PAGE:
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New Release from Bookouture's Suzette D. Harrison - "The Dust Bowl Orphans"

Author Bio:

Suzette D. Harrison, a native Californian and the middle of three daughters, grew up in a home where reading was required, not requested. Her literary "career" began in junior high school with the publishing of her poetry. While Suzette pays homage to Alex Haley, Gloria Naylor, Alice Walker, Langston Hughes, and Toni Morrison as legends who inspired her creativity, it was Dr. Maya Angelou's I Know Why the Caged Bird Sings that unleashed her writing. The award-winning author of Taffy is a wife and mother of two teens, and she holds a culinary degree in pastry and baking. Mrs. Harrison is currently cooking up her next between batches of cupcakes.

Book Blurb:

The dust cloud rolls in from nowhere, stinging our eyes and muddling our senses. I reach for my baby sister and pull her small body close to me. When the sky clears, we are alone on an empty road with no clue which way to go…

Oklahoma, 1935. Fifteen-year-old Faith Wilson takes her little sister Hope’s hand. In worn-down shoes, they walk through the choking heat of the Dust Bowl towards a new life in California. But when a storm blows in, the girls are separated from their parents. How will they survive in a place where just the color of their skin puts them in terrible danger?

Starving and forced to sleep on the streets, Faith thinks a room in a small boarding house will keep her sister safe. But the glare in the landlady’s eye as Faith leaves in search of their parents has her wondering if she’s made a dangerous mistake. Who is this woman, and what does she want with sweet little Hope? Trapped, will the sisters ever find their way back to their family?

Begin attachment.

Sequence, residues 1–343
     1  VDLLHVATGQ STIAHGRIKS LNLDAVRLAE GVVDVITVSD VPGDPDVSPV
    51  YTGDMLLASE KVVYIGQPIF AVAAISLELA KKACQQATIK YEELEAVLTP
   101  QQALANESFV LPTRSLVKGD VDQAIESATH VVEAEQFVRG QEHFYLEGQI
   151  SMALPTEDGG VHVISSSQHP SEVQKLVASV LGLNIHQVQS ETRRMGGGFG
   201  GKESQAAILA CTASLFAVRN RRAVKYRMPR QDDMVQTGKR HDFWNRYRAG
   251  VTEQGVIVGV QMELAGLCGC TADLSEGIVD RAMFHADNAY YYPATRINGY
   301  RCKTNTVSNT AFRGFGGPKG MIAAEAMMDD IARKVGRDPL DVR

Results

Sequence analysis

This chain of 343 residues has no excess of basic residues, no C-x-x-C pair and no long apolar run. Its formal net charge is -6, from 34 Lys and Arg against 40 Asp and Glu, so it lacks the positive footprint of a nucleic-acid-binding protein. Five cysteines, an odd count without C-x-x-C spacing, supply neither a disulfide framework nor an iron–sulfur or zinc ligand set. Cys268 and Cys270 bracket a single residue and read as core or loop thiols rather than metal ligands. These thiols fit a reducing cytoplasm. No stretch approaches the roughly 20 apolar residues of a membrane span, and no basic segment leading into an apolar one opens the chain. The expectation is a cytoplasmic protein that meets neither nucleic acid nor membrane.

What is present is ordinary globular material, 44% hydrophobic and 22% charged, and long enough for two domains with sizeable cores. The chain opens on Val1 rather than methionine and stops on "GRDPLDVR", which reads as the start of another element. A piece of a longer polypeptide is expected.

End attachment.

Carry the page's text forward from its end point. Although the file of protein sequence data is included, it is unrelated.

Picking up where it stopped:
California, present day. Reeling from her divorce and grieving the child she lost, Zoe Edwards feels completely alone in the world. Throwing herself into work cataloguing old photos for an exhibition, she sees an image of a teenage girl who looks exactly like her, and a shiver grips her. Could this girl be a long-lost relation, someone to finally explain the holes in Zoe’s family history? Diving into the secrets in her past, Zoe unravels this young girl’s heartbreaking story of bravery and sacrifice. But will anything prepare her for the truth about who she is…?

A devastating, completely captivating story of family torn apart, fighting to be reunited. Fans of Orphan Train, Before We Were Yours and Where the Crawdads Sing will never forget this powerful story of survival.

Book Buy Link:

Author Interview:

Tell us the best writing tip you can think of, something that helps you.

I quiet myself with prayer and meditation prior to writing so that my muse and inspiration can flow through and to me.

What are common traps for aspiring writers? Advice for young writers starting out.

Self-doubt is a beast. Don’t allow yourself to get caught in the trap of doubting your gift, or the value of the story within you. You’ll wind up in a state of paralysis. Trust that the Creator who gifted you the gift of writing knows how to bring it forward.

What other authors are you friends with, and how do they help you become a better writer?

That’s a bit like name-dropping, but you asked so here it goes: Anita Davis, Dera Williams, La Rhonda Crosby, Mbinguni, Sheryl Lister, Suzette Riddick, and Tiffany Quarles Sanders to name a few. These sister-friends help ground, encourage, and inspire me. They talk me off the ledge and cheer me on, as well as keep me accountable.

What was the best money you ever spent as a writer?

The best money I ever spent as a writer was investing in a laptop. Before, I used a desktop and found myself limited to writing in one space. A laptop provided mobility; particularly, when traveling.

What was an early experience where you learned that language had power?